'We have no choice': Flooded Gatineau residents mull buyouts

Some say they're tired of living through flood after flood and want to know more about how they can be compensated if they leave their homes.

One-on-one meetings with claims officers begin Wednesday

Many homes on boulevard Hurtubise in Gatineau flooded in 2017 and again in 2019. Now some residents want a buyout from the province to leave. (Ashley Burke/CBC News)

Some Gatineau residents say they're tired of living through flood after flood and want to know more about how they can be compensated if they leave their homes.

Around 300 people turned out to a meeting with provincial officials Tuesday night to get a sense of how a new provincial program will compensate them to either make repairs to their homes or walk away from them.

"I lived through it … two years ago. I'm living it through it now. I don't want to go through this again," said Louise David, who put $47,000 worth of work into her home on rue René in Pointe-Gatineau after the 2017 floods.

Others in her neighbourhood weren't allowed to rebuild, with the city holding public consultations on what it should do with that land this winter.

After two floods in three years, David said she doesn't believe she'll be able to sell her home again and plans to walk away.

"Give me the money and I'll run to the bank. I'll buy a condo, very high up," she said.

"[$250,000] in my pocket is better than zero in my pocket and having to live through this again."

Louise David says she's ready to walk away from her home and is hoping for a buyout from the province so she can move to higher ground. (Kimberley Molina/CBC)

Under a new provincial program, the Quebec government is offering up to $100,000 to homeowners for flood damage compensation or a $200,000 buyout for them to move outside flood areas.

    The province can also compensate residents an extra $50,000 for the land around their homes, said Mathieu Lévesque, the MNA for Chapleau.

    Anyone who chooses money to repair their home won't be eligible for future renovation compensation, he said, though they could be eligible for the buyout if another flood occurs.

    Appointments with claims officer begin Wednesday in temporary offices at the Campeau Arena on rue des Sables.

    MNA Mathieu Lévesque says the repair and buyout are one-time offers, though if you take the repair money it doesn't stop you from taking a buyout in another flood. (Raphael Tremblay/Radio-Canada)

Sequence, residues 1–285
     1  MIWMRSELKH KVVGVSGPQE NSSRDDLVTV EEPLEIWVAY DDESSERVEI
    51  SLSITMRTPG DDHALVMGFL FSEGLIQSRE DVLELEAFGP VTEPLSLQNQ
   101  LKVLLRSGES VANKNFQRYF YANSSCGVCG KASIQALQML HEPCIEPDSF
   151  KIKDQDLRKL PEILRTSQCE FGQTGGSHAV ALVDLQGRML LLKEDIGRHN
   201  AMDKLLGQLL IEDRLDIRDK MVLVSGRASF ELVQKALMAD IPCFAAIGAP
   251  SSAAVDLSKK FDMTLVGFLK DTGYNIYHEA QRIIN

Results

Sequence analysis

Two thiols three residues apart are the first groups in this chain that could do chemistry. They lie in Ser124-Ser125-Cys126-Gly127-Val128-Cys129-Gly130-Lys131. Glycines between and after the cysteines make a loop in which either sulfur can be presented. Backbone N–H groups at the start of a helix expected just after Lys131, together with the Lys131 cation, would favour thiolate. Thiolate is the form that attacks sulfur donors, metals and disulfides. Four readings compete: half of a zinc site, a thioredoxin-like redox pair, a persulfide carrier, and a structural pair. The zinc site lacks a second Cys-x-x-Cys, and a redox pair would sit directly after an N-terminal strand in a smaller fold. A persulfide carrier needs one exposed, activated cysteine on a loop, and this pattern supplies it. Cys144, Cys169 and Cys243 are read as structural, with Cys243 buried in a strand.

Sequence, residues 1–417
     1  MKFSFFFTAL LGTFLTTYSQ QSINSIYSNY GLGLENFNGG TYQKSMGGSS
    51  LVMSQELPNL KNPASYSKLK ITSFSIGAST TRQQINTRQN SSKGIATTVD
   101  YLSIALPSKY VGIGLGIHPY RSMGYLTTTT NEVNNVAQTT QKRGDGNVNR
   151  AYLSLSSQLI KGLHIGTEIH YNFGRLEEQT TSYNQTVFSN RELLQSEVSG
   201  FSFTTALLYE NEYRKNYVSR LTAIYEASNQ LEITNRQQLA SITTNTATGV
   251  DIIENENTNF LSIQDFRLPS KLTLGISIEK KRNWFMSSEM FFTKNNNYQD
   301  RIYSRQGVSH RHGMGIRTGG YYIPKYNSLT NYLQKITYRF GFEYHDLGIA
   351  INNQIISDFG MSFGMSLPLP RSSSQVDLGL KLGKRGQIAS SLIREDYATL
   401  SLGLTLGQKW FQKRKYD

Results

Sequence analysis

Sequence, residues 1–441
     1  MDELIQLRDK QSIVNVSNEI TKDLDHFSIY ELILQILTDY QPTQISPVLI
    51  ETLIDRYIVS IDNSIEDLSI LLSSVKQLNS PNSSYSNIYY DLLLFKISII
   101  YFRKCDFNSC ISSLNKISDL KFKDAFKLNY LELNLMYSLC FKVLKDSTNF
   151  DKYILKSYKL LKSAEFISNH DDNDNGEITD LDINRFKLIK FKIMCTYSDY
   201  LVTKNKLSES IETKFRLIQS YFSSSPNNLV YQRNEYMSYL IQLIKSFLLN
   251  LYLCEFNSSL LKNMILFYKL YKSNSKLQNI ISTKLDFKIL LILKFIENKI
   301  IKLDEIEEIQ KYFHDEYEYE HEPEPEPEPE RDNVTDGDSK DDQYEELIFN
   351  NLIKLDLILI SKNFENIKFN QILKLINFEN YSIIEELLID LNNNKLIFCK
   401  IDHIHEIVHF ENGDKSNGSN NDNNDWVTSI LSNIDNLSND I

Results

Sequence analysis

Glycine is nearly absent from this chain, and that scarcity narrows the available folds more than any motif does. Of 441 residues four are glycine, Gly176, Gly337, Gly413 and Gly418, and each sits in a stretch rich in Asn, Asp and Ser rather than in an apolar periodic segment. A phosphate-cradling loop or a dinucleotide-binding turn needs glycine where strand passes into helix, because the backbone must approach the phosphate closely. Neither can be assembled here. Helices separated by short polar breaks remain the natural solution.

Louise Duplessis is also looking for a buyout for her home on boulevard Hurtubise.

    She said she had planned to walk away from her property after the 2017 floods but a deal with the government for a buyout never materialized.

    She's now been told she'll have to restart her claim.

    "We have to start at zero once again and we do not have the capacity or the energy to redo all this," she said. 

    Will I be penalized because I was looking forward and trying to prevent more damages? I don't know yet.- Louise Goneau, spent $100,000 to help floodproof her home on Boulevard Hurtubise after the 2017 floods

    Her home had 11 cracks in the foundation two years ago and she expects the damage this time around to be significantly worse.

    She's lived in Gatineau since 1991 but doesn't know where she'll go if she gets a buyout, but knows she can't stay where she lives now.

    Her home needs to be lifted and the foundation repaired for $260,000, she said, far more than the $100,000 she might be eligible for.

    "We have no choice. At my age I cannot start with a debt of $100,000 or $60,000 and that's how much damage I have."

    Louise and Benoit Duplessis left their home on boulevard Hurtubise last month. They say they were offered a buyout after the 2017 floods, which was never finalized, and are now being told they will have to repeat the process to request a new buyout. (Kimberley Molina/CBC)

    Others want to know if the preventative measures they put in place since 2017 will be covered under the province's new plan.

    "The water was literally hitting our house all around and I had no water damage inside," said Louise Goneau, who also lives on boulevard Hurtubise.

    She's put $100,000 into floodproofing her home with pumps and special cement, but wonders if her foresight will be recognized and reimbursed since she's costing the province less money this time around.

    "Will I be penalized because I was looking forward and trying to prevent more damages? I don't know yet."

    Since her home was saved this flood, she only plans to make a claim for some preventative measures such as extra pumps and building a dike.


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